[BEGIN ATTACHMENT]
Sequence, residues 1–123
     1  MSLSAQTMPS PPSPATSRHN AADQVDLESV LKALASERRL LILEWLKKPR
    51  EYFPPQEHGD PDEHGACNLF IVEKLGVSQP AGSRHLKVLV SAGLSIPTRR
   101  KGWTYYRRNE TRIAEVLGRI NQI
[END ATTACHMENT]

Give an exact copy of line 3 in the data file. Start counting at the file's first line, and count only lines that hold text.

    51  EYFPPQEHGD PDEHGACNLF IVEKLGVSQP AGSRHLKVLV SAGLSIPTRR